Mere weeks before the games are set to begin, these other athletes have yet to appear. The strict new conditions are not an encouraging sign and there is no indication yet of what the IOC thinks of these conditions. Would "Islamic dress" be approved for competition? Is it not still discrimination to force women to be chaperoned and sign a document promising to stay segregated?
For those watching the story unfold, it is a hollow victory for Saudi women.
The quiet announcement lifting the ban on female participation paired with Malhas' disqualification means that, in theory, the kingdom could avoid the embarrassment of an IOC ban without actually having to field female athletes.
Human Rights Watch described the lifting of the ban as "an important step forward."
"But," adds Minky Worken, director of HRW's global initiatives "an eleventh hour change of course to avoid a ban does not alter the dismal and unequal conditions for women and girls in Saudi Arabia."
Although it made the headlines of the international media, the story was, disappointingly, almost non-existent in the Saudi press and this Olympic debate speaks to a much wider issue of women's participation in society as a whole.
The Saudi political system, led by a relatively reform-minded King Abdullah, is in constant struggle between ultra-orthodox Islamist clerics and those who would like to see the kingdom evolve socially and culturally. Currently the establishment actively discourages women from being athletic by banning sports in girls' public schools and issuing statements by clerics calling female athletics "immoral".
Find any article about Saudi female athletes and you'll see one of two photos: either Malhas competing in 2010 or a group of veiled women stretching on a basketball court.
Those women are the members of Jeddah United, a private basketball team and sports company, purportedly the first private female sports club in the kingdom. Starting with 12 players in 2003 they now boast 350 members, mostly children of both genders.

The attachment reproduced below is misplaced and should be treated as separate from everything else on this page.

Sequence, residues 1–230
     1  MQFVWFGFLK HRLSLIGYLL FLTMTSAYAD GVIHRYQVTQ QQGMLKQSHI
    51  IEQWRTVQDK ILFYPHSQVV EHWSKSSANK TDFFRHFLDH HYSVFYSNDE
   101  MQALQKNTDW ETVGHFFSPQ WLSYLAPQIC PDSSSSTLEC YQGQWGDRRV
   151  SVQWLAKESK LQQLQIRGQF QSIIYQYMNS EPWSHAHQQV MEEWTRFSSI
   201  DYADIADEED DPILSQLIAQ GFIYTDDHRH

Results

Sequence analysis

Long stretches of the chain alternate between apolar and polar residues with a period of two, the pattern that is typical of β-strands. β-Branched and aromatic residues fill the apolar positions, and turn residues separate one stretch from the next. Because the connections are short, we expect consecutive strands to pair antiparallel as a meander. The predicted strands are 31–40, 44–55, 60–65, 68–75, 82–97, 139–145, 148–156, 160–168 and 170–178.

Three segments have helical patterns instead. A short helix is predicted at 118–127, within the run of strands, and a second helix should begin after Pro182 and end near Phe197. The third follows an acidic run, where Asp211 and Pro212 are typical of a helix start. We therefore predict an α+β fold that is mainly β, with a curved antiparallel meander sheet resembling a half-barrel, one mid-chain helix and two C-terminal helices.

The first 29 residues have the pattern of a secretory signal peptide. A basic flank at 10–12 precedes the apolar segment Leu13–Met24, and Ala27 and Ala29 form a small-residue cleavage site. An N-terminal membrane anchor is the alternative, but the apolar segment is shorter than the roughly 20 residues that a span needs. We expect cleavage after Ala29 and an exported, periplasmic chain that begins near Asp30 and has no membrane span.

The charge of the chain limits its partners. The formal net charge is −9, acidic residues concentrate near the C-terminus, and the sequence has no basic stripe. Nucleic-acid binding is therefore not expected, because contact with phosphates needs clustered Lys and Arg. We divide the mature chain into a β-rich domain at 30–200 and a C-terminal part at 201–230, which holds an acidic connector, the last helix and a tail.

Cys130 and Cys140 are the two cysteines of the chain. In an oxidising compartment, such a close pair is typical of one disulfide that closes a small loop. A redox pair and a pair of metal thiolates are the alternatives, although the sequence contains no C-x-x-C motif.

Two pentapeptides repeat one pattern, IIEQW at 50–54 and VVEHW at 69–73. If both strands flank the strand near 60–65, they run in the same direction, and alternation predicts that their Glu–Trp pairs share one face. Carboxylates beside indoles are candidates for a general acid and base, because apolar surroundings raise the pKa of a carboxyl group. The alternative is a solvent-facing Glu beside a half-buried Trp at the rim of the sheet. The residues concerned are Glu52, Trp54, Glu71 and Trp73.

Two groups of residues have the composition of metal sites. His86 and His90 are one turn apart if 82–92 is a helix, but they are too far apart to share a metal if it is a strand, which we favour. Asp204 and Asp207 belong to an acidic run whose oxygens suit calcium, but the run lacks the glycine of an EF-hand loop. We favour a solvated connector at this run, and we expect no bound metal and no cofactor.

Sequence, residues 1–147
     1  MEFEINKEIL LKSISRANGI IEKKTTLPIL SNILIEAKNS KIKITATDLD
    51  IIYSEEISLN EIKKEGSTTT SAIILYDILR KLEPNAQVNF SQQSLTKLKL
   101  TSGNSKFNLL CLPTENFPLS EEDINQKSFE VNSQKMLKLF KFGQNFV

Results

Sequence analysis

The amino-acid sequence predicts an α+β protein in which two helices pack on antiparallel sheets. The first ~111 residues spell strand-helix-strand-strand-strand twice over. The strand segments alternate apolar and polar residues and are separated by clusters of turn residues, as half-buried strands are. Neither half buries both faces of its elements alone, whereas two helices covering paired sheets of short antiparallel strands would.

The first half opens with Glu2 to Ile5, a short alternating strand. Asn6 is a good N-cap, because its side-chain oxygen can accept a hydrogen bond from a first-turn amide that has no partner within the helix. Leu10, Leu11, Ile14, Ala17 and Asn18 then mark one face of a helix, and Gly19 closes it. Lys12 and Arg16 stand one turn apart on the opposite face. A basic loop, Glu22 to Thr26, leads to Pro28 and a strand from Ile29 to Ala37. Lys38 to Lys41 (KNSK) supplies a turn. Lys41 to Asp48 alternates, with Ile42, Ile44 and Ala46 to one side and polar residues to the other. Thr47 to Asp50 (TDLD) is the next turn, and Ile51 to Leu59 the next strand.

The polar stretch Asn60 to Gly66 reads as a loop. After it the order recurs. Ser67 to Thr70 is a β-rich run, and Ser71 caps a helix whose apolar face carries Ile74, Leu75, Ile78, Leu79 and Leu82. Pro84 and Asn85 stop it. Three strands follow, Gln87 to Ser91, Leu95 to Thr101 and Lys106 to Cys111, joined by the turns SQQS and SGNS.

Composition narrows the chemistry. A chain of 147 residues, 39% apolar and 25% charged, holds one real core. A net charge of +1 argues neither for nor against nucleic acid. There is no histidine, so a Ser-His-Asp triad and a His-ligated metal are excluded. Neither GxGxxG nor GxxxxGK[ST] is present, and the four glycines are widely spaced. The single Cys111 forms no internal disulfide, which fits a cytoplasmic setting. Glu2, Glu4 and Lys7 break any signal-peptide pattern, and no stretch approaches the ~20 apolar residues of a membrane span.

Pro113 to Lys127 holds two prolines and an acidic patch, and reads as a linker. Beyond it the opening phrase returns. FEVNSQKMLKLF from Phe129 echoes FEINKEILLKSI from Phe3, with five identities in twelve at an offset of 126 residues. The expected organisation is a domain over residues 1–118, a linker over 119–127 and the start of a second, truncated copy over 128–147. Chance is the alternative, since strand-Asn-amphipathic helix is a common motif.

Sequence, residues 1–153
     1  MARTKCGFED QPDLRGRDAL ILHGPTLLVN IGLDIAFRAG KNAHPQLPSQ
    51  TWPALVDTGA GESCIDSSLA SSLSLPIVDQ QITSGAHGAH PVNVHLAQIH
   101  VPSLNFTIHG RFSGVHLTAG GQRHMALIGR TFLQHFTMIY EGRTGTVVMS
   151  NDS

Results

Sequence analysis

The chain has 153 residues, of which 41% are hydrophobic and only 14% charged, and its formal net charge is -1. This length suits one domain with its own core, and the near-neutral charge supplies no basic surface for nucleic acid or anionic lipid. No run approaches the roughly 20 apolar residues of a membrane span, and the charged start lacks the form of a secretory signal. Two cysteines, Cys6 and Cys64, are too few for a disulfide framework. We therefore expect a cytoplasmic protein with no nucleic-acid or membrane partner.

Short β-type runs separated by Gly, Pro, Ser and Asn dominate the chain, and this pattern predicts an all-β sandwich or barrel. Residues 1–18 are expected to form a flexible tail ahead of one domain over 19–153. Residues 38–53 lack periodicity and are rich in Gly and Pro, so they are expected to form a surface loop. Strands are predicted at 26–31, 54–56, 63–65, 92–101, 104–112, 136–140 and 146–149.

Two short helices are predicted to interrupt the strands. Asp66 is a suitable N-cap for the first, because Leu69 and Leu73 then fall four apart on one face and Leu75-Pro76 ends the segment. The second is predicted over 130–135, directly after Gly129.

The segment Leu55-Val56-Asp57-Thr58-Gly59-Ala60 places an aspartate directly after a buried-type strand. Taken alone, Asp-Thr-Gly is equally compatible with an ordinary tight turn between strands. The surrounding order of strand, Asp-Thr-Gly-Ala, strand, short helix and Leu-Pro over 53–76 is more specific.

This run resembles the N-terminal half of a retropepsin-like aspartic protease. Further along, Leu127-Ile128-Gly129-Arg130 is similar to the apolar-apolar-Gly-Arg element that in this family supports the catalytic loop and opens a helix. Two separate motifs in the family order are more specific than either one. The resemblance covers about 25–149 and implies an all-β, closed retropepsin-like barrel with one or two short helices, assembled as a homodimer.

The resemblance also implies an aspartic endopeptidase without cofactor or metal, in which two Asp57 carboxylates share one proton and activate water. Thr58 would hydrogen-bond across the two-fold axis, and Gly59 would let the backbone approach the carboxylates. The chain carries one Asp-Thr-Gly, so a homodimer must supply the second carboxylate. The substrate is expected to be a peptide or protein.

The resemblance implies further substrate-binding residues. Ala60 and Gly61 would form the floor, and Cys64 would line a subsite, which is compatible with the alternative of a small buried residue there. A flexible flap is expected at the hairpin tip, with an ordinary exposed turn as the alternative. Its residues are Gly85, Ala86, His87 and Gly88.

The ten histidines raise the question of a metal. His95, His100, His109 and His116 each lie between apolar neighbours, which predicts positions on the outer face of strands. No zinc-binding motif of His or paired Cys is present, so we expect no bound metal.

Their founder Lina Al Maeena, who plays center on the team, said she loved basketball as a student at a U.S. college and when she struggled with post-partum depression it was the athletics-induced release of endorphins that helped her recover.
Al Maeena says it's not about challenging norms (the women play in private female-only facilities) but about wellbeing.
"It's a social debate that we have to go through to promote [sports] and tell society, or the opposing segments in society, that we're not going against our religious or cultural beliefs," Al Maeena told CNN in February.
It is possible that as billions tune in for the July 27th Opening Ceremony we may see a woman marching proudly in the Saudi team as it files into the Olympic stadium. But this unlikely event may be as downplayed locally, like other women's issue in Saudi.
Some will say this will be a token gesture to appease the West. Others will say this is King Abdullah's subtle way of introducing quiet and organic reform without the pomp and circumstance that makes good television.
"The most important thing is not to win but to take part" is one of the Olympic mottos. How very true.